Battery life

As with almost any Apple device, there’s a debate about the company’s claims about battery life and the device’s actual battery life. So far, I’ve found that the watch’s battery life holds up exceptionally well. When I first started using the watch, I had the battery life as a complication on the watch face, but I’ve since gotten rid of it. After using it for a few weeks, I realized that I didn’t really need to think or worry about the battery life. On a normal day, I use about 50-60% of the battery. I just charge it overnight and forget about it. Of course I would welcome better battery life, but I like the watch’s form factor, and a larger battery would, of course, make the case more bulky.

Watch faces

The Apple Watch is an incredibly versatile piece of tech, but at the end of the day, its primary function is that of any other watch: it tells the time. Apple gives you ten different options for watch faces, and most of them have some level of customization, so it’s up to you how your watch presents time.

All watch faces are not created equal, and when I first received the watch, I was desperately trying to figure out which of the ten faces would work best for me. Early on, I went through three watch faces a day, but now I’ve settled on the Chronograph face.

Apple Watch review Apple Watch review

The Chronograph face is one of the most customizable faces currently available. You can add up to four complications to the face, and there is a stopwatch in the top right corner. I use the date, alarm, fitness tracker and calendar complications for this watch face. With just a glance, I can see what’s coming up as well as how close I am (or far from) my fitness goals for that day. This face isn’t quite as flashy as the blooming flower, jellyfish or butterflies on the Movement face, but it helps me keep up with deadlines and my own personal goals. With that said, the Utility face (as you can imagine) is also useful. The Color face is also a nice choice because in addition to being useful, it also shows your initials in the middle of the watch face. Nice touch, Apple.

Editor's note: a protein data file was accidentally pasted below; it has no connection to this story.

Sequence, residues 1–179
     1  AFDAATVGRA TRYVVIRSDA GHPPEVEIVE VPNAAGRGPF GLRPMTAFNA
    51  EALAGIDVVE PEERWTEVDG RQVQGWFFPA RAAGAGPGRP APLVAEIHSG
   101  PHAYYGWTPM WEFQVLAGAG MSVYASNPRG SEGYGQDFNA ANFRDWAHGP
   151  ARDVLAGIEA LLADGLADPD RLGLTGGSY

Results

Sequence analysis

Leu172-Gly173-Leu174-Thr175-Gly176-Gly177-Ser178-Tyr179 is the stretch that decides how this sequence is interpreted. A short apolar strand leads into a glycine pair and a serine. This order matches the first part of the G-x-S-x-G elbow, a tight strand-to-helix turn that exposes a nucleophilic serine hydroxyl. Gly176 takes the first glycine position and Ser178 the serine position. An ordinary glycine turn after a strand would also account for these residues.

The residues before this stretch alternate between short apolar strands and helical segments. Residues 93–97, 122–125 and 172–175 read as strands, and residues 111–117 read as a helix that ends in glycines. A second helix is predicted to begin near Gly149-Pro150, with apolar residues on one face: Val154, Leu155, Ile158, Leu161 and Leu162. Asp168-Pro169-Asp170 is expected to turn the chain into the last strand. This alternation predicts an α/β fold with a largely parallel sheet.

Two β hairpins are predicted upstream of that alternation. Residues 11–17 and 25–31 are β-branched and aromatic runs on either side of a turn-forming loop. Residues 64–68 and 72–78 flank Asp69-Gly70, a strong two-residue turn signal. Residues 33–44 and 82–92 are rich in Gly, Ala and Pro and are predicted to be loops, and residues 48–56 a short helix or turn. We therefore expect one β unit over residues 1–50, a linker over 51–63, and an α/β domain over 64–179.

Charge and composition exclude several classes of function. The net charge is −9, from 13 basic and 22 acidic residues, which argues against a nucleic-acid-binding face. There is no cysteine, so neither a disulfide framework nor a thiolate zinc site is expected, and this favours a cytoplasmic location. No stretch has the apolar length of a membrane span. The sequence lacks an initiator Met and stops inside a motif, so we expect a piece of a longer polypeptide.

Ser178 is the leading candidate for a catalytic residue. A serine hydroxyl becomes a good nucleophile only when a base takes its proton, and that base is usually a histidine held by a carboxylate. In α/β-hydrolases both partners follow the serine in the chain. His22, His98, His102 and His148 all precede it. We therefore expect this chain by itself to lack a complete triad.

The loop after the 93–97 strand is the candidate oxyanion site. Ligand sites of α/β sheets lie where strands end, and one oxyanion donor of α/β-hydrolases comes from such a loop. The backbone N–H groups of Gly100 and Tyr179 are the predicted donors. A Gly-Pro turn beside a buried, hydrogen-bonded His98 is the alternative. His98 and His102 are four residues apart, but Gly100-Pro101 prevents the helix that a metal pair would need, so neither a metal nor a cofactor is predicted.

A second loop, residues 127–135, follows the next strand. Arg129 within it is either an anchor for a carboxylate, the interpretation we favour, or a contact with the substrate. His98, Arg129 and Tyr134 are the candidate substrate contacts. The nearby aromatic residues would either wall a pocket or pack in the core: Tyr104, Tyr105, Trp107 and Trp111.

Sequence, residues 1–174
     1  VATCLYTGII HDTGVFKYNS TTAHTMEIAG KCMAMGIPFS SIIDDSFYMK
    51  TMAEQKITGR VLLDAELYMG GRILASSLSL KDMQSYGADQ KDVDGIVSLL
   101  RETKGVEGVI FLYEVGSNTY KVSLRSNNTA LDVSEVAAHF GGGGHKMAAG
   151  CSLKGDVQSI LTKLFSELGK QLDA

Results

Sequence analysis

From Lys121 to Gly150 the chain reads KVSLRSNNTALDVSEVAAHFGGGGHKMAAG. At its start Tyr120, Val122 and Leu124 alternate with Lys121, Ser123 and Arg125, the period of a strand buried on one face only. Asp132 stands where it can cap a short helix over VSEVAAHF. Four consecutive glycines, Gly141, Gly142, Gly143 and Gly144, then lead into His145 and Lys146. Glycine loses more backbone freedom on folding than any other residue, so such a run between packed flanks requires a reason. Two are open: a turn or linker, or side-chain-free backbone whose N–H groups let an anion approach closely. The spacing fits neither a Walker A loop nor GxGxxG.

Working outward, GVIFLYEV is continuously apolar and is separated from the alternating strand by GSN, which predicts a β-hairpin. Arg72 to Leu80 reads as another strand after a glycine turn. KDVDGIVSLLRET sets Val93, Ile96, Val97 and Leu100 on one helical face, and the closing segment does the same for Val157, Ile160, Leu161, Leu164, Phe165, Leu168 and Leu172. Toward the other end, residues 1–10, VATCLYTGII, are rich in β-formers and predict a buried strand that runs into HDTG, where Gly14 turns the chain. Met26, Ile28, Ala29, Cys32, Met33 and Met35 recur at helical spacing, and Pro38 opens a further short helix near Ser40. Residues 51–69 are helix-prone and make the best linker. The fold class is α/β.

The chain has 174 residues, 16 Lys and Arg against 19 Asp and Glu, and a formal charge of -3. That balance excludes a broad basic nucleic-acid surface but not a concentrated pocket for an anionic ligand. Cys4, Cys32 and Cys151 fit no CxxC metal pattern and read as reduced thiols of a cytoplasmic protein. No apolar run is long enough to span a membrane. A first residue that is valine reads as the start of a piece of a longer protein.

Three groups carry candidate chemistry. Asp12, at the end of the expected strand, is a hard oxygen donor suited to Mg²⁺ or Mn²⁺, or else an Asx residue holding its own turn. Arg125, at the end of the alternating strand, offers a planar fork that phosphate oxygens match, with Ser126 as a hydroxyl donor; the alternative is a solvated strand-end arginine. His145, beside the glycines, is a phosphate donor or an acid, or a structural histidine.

Apple Watch’s place in Apple’s ecosystem

Arguably, Apple’s most successful product is not the Mac or iPhone; it’s the company’s ecosystem. It ties all of their products together seamlessly and creates a bigger, albeit intangible, connection between every Apple device in your world. Without the company’s established ecosystem, the Apple Watch couldn’t survive, and it seems plausible that this will be true of other Apple products in the future as well. Apple isn’t in the business of selling single products; Apple wants its customers to get the entire Apple experience, and if you’re already fully invested in the ecosystem, the watch makes a nice addition.

Apple Watch review

I’ve often made the argument that Apple designs the iPhone for everyone; it is designed to be readily accessible and familiar to everyone who uses it, but the Apple Watch is different. If you are adamant that the device is a failure, this Apple Watch review may not change your mind. Apple isn’t selling this watch for everyone, and that’s okay. There is a certain part of the market that is looking for wearables, and for those people, Apple makes a compelling case for its watch.

What do you think of the Apple Watch’s everyday life applications? Leave your thoughts in the comments below.

Also Read:

8 Hot Apple Watch Travel Apps
A Day with Apple Watch
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Kokou Adzo

Kokou Adzo is a stalwart in the tech journalism community, has been chronicling the ever-evolving world of Apple products and innovations for over a decade. As a Senior Author at Apple Gazette, Kokou combines a deep passion for technology with an innate ability to translate complex tech jargon into relatable insights for everyday users.